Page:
The Mennonite, Inc., invites your original submissions for our April 2020 print magazine issue and corresponding online content focusing on Resilient hope. Description of the […]
One of my favorite books when I was little was The Sneetches by Dr. Seuss. I still have, and read, the well-worn copy my Dad used to read to my sister and me.
If you’ve never read this story, I highly recommend it. It is the story of yellow bird like creatures, the Sneetches. Some of them have large green stars on their bellies and some do not. The star-bellied Sneetches are considered “special.” They have parties on the beach and the plain-bellied Sneetches are not invited.
One day a mysterious man, Sylvester McMonkey McBean, arrives with a special machine that he calls the star-on machine and offers the plain-belly Sneetches this treatment for three dollars. They take him up on this offer and when the star-bellied Sneetches figure out what’s going on they are outraged, but no worries, McBean has a star-off machine and charges ten dollars for the removal of the belly stars. Soon it’s chaos as the Sneetches run from machine to machine until “every last cent of their money was spent.”
McBean packs up his money and his machines and drives away, leaving the Sneetches behind.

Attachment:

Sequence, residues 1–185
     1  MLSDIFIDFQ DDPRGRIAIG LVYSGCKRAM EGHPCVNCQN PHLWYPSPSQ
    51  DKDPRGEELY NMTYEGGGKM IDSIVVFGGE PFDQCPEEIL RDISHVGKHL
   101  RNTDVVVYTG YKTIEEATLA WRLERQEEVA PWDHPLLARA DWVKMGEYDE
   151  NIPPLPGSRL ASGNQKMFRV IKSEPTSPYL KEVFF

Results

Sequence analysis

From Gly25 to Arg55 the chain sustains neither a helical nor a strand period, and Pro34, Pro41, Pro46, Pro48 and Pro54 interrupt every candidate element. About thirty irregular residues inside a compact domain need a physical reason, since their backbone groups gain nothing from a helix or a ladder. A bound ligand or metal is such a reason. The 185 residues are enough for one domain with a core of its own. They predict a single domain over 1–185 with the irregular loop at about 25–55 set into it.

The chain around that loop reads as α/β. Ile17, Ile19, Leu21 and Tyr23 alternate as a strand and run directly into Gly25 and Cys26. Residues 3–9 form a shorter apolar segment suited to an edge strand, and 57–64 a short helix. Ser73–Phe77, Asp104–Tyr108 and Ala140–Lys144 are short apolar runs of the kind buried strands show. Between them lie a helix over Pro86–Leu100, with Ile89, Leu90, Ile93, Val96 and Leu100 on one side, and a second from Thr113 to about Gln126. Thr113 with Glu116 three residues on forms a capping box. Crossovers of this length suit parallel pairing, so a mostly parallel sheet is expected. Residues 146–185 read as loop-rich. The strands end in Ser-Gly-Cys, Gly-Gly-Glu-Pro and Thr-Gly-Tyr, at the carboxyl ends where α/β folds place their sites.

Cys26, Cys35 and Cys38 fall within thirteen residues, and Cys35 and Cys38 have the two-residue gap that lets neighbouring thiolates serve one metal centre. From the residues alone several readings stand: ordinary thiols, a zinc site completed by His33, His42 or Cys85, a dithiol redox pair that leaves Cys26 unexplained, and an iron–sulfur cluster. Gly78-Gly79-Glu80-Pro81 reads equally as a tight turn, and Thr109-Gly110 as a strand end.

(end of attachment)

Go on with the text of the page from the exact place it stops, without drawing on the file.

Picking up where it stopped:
We’re all bombarded with the us vs. them narrative. It seems like every single day we see this played out in the media–Democrats vs. Republicans, rich vs. poor and so much more. I don’t have anything new or revolutionary to say or add. I just think it is so important to keep the conversations open.
On Sunday we had a special service. It had snowed about 10 inches the night before, so the congregation was very small. We had a discussion about safety and the things that make us fearful.
We have a special family friend named Hassan. To learn more about the work he is doing to change this narrative you should read my pastor, Betsy Headrick-McRae’s blog that was recently posted. Hassan was incarcerated for many years, and throughout his time he had many teachers. One of them was a counselor who he wanted to thank for all the things she had done for him. When he found himself unable to speak his gratitude, she said “just be kind to people.”
That story has stayed with me since the first time I heard it. It’s what I teach my children. I think we all do. I’ve heard that it takes bravery to be kind. It also takes bravery to move past our fear–to walk toward things that scare us and away from us vs. them.
Possibly we should be teaching our children something more complex, and someday we will; but for now we’re going to stick with the simple message that can be found in the pages of Dr. Suess–some people are born with belly-stars and some people are not.
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